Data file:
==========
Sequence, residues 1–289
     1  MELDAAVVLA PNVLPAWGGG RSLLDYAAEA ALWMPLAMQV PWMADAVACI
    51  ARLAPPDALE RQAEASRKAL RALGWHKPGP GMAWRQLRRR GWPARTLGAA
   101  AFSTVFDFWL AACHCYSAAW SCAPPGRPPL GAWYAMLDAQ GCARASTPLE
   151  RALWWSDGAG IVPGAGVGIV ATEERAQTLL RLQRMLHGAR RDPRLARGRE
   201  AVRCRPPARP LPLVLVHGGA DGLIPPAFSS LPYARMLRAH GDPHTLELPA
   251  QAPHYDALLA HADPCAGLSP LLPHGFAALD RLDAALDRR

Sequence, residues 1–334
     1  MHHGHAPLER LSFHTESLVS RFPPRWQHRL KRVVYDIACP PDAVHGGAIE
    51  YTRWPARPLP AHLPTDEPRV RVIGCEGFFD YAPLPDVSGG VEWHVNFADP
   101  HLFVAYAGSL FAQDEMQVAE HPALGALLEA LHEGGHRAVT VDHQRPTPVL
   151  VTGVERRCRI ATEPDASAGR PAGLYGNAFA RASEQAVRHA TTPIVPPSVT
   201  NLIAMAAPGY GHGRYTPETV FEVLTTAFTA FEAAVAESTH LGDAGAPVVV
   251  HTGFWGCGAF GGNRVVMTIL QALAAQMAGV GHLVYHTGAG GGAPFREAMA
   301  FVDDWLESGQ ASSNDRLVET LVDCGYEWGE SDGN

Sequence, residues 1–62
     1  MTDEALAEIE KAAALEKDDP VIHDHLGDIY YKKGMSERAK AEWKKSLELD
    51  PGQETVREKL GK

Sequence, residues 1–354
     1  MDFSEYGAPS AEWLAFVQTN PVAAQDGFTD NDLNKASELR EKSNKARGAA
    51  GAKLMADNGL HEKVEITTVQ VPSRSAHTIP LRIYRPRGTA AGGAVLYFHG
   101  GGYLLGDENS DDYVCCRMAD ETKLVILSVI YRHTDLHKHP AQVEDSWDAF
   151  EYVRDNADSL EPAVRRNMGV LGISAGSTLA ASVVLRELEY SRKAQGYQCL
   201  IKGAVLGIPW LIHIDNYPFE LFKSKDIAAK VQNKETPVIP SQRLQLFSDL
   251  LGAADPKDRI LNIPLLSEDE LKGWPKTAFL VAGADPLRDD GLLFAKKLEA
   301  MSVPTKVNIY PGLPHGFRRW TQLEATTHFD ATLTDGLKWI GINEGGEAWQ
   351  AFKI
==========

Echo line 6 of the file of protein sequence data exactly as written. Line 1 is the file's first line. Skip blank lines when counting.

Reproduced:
   201  AVRCRPPARP LPLVLVHGGA DGLIPPAFSS LPYARMLRAH GDPHTLELPA